I leave you with one of the readings from this evening’s service, which refers to a hearty feast of wisdom:

PROVERBS 9:1-11

Wisdom has built her house,
she has hewn out her seven pillars,
she has slaughtered her meat, she has mixed her wine,
she has also furnished her table.
She has sent out her maidens,
she cries out from the highest places of the city,
“Whoever is simple, let him turn in here!”
As for him who lacks understanding, she says to him,
“Come, eat of my bread and drink of the wine I have mixed.
Forsake foolishness and live,
and go in the way of understanding.
He who corrects a scoffer gets shame for himself,
and he who rebukes a wicked man only harms himself.
Do not correct a scoffer, lest he hate you;
give instruction to a wise man,
and he will be still wiser;
teach a just man, and he will increase in learning.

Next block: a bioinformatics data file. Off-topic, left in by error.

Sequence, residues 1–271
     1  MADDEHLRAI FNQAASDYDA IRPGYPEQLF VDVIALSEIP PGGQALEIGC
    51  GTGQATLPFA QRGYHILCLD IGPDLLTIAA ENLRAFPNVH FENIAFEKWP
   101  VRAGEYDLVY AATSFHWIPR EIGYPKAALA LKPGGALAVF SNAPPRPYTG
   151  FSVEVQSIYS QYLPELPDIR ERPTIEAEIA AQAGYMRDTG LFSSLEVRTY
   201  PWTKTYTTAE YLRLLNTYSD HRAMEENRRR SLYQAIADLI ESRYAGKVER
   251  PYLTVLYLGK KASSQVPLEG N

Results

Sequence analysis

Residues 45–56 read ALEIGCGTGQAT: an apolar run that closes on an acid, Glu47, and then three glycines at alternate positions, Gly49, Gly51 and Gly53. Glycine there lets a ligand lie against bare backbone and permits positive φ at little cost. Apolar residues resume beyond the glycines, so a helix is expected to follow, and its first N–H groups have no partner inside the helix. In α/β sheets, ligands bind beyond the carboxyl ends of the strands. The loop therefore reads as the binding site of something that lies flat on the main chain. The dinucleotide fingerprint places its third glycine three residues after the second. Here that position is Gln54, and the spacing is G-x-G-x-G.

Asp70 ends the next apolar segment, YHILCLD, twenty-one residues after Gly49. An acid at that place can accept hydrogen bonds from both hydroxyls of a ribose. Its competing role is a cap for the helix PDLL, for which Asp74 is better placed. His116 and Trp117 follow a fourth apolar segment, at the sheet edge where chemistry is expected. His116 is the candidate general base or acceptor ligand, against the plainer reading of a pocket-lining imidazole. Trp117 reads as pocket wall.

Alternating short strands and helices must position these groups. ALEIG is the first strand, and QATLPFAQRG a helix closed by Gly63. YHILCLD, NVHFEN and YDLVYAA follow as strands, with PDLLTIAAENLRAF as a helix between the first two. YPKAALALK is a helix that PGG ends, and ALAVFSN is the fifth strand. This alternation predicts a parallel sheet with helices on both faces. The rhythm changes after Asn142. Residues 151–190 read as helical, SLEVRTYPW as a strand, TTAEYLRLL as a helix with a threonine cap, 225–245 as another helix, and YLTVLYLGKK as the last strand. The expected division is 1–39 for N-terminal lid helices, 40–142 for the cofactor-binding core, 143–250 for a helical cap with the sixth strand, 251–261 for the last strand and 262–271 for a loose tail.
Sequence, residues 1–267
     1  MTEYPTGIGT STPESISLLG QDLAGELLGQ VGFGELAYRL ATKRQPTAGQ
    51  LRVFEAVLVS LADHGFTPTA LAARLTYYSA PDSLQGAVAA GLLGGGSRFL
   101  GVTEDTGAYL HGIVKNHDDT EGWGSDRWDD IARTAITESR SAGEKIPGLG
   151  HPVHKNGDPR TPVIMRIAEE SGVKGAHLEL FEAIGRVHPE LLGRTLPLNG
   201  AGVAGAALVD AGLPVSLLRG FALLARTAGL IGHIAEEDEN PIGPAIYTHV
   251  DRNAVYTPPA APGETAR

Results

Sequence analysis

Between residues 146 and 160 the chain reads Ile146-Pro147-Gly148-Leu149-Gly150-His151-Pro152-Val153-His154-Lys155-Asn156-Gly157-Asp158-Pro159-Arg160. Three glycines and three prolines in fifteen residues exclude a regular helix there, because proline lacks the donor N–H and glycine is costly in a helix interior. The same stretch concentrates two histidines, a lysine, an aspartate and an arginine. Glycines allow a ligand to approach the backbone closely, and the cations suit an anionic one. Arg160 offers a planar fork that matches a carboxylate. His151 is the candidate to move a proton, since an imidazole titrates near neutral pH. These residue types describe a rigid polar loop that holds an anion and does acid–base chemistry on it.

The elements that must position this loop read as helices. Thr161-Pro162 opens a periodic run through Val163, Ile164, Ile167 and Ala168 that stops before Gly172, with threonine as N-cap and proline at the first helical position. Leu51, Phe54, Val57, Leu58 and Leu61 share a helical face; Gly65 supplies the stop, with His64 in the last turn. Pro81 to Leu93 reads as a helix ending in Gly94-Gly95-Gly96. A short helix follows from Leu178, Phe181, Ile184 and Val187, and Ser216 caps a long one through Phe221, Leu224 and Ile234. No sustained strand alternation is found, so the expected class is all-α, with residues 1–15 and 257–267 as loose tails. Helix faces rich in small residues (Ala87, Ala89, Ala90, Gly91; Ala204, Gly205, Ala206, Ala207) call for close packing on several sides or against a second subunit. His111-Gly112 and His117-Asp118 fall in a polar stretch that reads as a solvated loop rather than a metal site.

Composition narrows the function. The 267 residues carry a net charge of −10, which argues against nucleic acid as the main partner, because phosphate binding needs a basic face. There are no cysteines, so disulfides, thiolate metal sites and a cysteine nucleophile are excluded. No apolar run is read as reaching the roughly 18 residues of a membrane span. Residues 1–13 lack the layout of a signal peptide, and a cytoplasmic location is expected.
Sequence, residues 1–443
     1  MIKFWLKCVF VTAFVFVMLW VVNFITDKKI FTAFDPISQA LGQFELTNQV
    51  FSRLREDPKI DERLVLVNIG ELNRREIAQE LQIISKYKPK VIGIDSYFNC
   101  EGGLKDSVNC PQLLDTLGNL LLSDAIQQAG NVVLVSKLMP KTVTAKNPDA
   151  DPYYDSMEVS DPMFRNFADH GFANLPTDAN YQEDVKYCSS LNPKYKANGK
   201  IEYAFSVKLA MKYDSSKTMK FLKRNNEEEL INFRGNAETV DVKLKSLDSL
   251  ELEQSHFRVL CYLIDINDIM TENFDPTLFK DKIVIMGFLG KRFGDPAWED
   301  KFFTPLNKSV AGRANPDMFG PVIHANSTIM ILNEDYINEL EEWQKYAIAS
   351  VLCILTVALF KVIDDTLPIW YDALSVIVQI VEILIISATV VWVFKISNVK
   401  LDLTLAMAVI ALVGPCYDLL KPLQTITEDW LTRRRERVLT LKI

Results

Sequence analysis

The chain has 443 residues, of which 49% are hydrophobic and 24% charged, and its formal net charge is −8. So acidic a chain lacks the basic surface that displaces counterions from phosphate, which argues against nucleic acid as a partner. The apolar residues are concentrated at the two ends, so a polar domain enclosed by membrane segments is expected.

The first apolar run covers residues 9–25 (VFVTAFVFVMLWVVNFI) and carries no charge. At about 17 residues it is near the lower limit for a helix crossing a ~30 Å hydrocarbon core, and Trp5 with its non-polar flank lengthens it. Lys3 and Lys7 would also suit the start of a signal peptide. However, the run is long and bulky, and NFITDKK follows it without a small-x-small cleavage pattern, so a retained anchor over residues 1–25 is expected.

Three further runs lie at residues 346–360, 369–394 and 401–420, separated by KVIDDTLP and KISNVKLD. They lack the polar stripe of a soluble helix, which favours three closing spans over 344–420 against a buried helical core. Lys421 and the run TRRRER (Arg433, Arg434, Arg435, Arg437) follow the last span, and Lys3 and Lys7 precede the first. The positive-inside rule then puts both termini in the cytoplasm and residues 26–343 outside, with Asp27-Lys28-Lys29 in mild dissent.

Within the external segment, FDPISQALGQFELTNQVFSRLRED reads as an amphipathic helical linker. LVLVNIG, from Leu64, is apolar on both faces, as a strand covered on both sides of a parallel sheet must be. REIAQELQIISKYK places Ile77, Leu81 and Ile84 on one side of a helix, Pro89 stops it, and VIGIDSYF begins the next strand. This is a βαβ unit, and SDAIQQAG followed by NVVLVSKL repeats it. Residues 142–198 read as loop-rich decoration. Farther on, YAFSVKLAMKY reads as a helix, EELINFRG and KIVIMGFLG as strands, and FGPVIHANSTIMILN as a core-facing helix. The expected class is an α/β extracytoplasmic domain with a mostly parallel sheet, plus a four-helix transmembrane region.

The fear of the Lord is the beginning of wisdom,
and the knowledge of the Holy One is understanding.
For by me your days will be multiplied,
and years of life will be added to you.”

Plums and logs and good intentions.

Originally I’d wanted to use my own and other local plums to make this cobbler recipe from Smitten Kitchen, and I wanted to take it to a party that mutual friends hosted, for my friend David’s name day a couple of months ago. Time did not permit, so I thought for at least a minute that night about doing it for his birthday instead, which I knew wasn’t too far off. But so many thoughts like that, representing good intentions, get lost forever in the chaotic ocean of my mind. And I didn’t know his exact birthday.

Last week when David agreed to stack my firewood, the idea of baking him something by way of a thank-you gift did not even occur to me. I was not operating in my preferred realm of the kitchen and the hearth united, but was thinking of a dozen householder tasks needing done, the sort I can’t confidently do anymore. So when David arrived, I had a couple more jobs for him before he could even start the real work.